What Is Propolis
Propolis is a resin-like substance bees make by mixing beeswax with sap from trees and a bit of their own saliva. It is used to seal the hive and protect hive against viruses, bacteria, fungus or parasites. Propolis is renowned worldwide for its wide ranging health benefits.
Propolis was commonly used as a traditional natural remedy since ancient times. Healing and regenerating properties of Propolis were identi?ed by ancient Egyptian, Roman and Greek physicians. In Egypt propolis was used to treat various health problems and in the mummification process, while in Assyria and ancient Greece it was famous for its wound- and skin ulcer-healing properties. Propolis was used with great effectiveness for the treatment of injuries and wounds during Anglo-Boer battle or during WWII. It was used as an anti-bacterial agent in 17th and 20th century in Europe. In the history of China, Propolis was recognized as an anti-cancer medicine and was commonly used to treat various infections.
Key Active Ingredients
There are over 300 natural compounds found by now in Propolis, including antioxidants, vitamins, minerals, amino acids, coumarins, phenolic aldehydes, natural steroids, polyphenols, or sequiterpene quinines. It also contains about 10 percent essential oils, 5 percent bee pollen and other various organic compounds including resins, vegetable balsam, and bee wax.
Wound Healing & Regenerating
Modern medical research confirms propolis actually can speed up wound healing which is attributed to its ability to improve the regeneration of damaged tissue. According to a 2018 research article, reviewing the composition and functional properties of Propolis,
“The presence of bioavonoids, arginine, vitamin C, provitamin A, B complex along with some minerals possesses wound healing property and therefore enhances injury cure. Instead of individual component, there may be combined action, which leads propolis to have diverse biological performance.”
Due to its regenerating and healing properties Propolis is often used internally by people with gastrointestinal ulcers. Belostotskii and his colleagues described the healing gastric effects after administration of honey, royal jelly, and propolis in rats. According to a 2016 research article, Propolis may be effective against Helicobacter pylori regarded as one of the most frequent triggers of peptic ulcers:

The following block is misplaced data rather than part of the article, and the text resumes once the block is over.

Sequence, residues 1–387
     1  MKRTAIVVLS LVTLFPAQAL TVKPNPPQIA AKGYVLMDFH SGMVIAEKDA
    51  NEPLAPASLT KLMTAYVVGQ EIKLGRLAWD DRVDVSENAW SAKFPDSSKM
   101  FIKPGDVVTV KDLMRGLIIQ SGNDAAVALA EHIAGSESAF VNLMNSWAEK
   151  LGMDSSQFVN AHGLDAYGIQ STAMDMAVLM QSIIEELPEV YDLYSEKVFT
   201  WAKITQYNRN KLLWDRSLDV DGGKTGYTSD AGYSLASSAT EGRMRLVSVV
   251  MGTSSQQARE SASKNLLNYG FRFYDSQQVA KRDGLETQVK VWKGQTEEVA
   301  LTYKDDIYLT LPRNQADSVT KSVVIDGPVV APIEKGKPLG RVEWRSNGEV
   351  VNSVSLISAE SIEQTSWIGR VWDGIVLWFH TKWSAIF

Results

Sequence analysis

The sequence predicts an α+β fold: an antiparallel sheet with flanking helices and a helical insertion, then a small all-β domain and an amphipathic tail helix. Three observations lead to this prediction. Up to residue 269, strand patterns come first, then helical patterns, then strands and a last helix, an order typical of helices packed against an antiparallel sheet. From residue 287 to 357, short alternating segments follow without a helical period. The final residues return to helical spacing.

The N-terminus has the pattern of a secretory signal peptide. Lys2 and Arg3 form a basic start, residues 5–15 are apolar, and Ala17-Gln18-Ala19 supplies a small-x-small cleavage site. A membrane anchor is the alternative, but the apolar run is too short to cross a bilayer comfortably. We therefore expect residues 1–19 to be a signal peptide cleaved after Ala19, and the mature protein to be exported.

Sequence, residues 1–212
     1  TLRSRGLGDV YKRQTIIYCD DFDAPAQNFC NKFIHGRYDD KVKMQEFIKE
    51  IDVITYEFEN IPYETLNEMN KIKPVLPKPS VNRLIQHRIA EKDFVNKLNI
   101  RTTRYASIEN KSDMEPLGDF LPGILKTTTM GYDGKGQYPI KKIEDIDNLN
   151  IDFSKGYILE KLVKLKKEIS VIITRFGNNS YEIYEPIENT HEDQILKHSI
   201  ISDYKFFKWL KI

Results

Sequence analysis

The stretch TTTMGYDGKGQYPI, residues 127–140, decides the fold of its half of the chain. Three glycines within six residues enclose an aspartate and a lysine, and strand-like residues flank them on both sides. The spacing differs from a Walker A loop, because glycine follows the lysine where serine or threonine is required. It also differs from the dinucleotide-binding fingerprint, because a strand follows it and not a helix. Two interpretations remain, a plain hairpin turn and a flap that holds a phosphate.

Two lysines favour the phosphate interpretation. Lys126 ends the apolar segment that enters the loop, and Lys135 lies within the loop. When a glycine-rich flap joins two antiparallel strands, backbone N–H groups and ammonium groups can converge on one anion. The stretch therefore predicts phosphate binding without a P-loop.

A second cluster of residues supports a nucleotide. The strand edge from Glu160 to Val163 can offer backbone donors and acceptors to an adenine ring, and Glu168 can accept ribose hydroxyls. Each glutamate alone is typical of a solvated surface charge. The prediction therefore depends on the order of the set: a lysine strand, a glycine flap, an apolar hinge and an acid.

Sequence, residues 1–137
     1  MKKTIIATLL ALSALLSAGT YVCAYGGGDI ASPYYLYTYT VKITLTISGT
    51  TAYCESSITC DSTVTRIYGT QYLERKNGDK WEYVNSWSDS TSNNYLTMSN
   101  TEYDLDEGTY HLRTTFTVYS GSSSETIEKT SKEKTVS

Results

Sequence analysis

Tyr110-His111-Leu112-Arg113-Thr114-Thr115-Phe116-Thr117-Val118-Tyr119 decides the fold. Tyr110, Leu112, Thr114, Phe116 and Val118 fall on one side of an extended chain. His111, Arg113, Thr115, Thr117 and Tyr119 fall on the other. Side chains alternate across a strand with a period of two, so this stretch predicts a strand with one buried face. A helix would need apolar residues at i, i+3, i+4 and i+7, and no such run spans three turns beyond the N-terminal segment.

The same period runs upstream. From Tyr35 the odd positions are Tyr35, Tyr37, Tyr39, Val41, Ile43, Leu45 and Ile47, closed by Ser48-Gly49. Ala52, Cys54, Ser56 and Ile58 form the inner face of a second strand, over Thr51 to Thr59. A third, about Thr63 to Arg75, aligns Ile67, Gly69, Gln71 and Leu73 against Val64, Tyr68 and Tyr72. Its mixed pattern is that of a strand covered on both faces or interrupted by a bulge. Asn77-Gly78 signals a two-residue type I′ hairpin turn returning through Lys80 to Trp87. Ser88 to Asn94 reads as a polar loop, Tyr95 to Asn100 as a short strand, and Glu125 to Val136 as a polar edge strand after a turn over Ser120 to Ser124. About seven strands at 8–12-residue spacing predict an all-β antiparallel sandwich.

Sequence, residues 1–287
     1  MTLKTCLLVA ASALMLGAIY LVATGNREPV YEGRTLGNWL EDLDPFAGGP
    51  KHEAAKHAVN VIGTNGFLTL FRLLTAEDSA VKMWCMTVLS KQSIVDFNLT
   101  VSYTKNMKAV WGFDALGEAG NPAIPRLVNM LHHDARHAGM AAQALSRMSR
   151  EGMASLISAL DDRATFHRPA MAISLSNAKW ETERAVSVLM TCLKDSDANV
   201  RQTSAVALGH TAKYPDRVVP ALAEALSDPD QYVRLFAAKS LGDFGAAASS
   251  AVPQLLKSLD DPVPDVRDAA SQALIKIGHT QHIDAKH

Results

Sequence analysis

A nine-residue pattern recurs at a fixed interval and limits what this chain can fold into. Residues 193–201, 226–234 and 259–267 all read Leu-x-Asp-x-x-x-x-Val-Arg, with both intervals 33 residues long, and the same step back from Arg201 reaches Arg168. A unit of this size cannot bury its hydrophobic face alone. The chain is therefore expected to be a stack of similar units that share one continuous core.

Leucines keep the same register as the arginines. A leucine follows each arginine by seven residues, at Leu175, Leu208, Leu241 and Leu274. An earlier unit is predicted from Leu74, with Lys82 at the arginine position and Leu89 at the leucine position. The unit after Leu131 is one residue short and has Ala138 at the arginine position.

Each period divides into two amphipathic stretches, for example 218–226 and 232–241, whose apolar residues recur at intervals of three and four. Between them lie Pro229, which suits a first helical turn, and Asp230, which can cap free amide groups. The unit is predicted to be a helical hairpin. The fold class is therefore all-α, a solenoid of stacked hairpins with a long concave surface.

“The nuisance of H. pylori resistance to antibiotics is on the increase, constituting a global public health problem… In conclusion, we think that regular consumption of propolis extract, which is rich in phenolic compounds, can contribute to a reduction in several forms of H. pylori-associated disease.”
Inflammatory Bowel Disease
Animal studies demonstrated that Propolis may be beneficial in ulcerative colitis (mainly due to its antioxidative and anti-inflammatory properties), although clinical trials are required to proof the same efficacy and safety on human subjects.
Immune Booster & Modulator
Propolis helps maintain strong immune system also due to the fact that it is notable for its antioxidant properties. According to Vijay D. Wagh, “The antioxidants present in propolis play great role in its immunomodulatory properties. The flavonoids concentrated in propolis are powerful antioxidants.”
Due to its proven anti-inflammatory, antiviral and antibacterial properties Propolis can help prevent and shorten the duration of common respiratory diseases such as flu or cold. In one study a regular daily doses of propolis were given to a group of school children during the cold season. As a result the children treated with propolis had significantly fewer colds with acute or chronic symptoms.
According to the results of another trial, the group of adults on propolis extract became free of cold symptoms two and half times faster than the control group. It was reported that Propolis improves the cellular immune response by increasing mRNA for interferon-γ and activating the production of cytokines.
It is also important to emphasise the fact that Propolis contains an “intelligent” antibiotic, which means that unlike synthetic antibiotics, which kill all bacteria, Propolis actually seems to destroy only the bad ones leaving the beneficial probiotic bacteria untouched.
There are hundreds of articles based on medical research dealing with the abilities of Propolis not only to kill cancer cells but also inhibit DNA synthesis in cancer cells and induce apoptosis (programmed death of abnormal cells). Two propolis polyphenols in particular (Caffeic acid & Artepillin C) seem to have most potent anticancer properties. For instance, a 2016 study demonstrated propolis extract was able to significantly extend the survival of animals with tumours. According to the summery of the same study,
“It is evident that propolis extracts can be extremely useful in cancer treatment.”
Candida Albicans Overgrowth